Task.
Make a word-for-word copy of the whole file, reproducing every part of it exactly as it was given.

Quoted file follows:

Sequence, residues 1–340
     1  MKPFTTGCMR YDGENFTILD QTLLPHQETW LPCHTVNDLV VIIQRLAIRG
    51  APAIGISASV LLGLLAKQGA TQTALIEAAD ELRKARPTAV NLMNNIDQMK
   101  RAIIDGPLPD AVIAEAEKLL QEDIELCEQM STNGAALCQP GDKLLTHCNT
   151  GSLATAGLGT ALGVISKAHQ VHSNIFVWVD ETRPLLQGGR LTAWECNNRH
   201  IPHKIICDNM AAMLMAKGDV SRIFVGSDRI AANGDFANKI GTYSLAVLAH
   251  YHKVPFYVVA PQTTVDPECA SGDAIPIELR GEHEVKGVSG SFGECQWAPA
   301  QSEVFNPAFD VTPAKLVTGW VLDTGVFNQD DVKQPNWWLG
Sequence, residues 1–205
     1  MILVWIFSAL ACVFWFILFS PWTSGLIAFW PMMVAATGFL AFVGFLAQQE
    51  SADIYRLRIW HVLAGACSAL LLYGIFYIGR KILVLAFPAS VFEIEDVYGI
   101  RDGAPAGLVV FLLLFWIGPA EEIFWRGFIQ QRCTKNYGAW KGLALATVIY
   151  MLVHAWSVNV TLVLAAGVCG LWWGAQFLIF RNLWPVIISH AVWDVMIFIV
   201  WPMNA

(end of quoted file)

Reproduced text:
Sequence, residues 1–340
     1  MKPFTTGCMR YDGENFTILD QTLLPHQETW LPCHTVNDLV VIIQRLAIRG
    51  APAIGISASV LLGLLAKQGA TQTALIEAAD ELRKARPTAV NLMNNIDQMK
   101  RAIIDGPLPD AVIAEAEKLL QEDIELCEQM STNGAALCQP GDKLLTHCNT
   151  GSLATAGLGT ALGVISKAHQ VHSNIFVWVD ETRPLLQGGR LTAWECNNRH
   201  IPHKIICDNM AAMLMAKGDV SRIFVGSDRI AANGDFANKI GTYSLAVLAH
   251  YHKVPFYVVA PQTTVDPECA SGDAIPIELR GEHEVKGVSG SFGECQWAPA
   301  QSEVFNPAFD VTPAKLVTGW VLDTGVFNQD DVKQPNWWLG
Sequence, residues 1–205
     1  MILVWIFSAL ACVFWFILFS PWTSGLIAFW PMMVAATGFL AFVGFLAQQE
    51  SADIYRLRIW HVLAGACSAL LLYGIFYIGR KILVLAFPAS VFEIEDVYGI
   101  RDGAPAGLVV FLLLFWIGPA EEIFWRGFIQ QRCTKNYGAW KGLALATVIY
   151  MLVHAWSVNV TLVLAAGVCG LWWGAQFLIF RNLWPVIISH AVWDVMIFIV
   201  WPMNA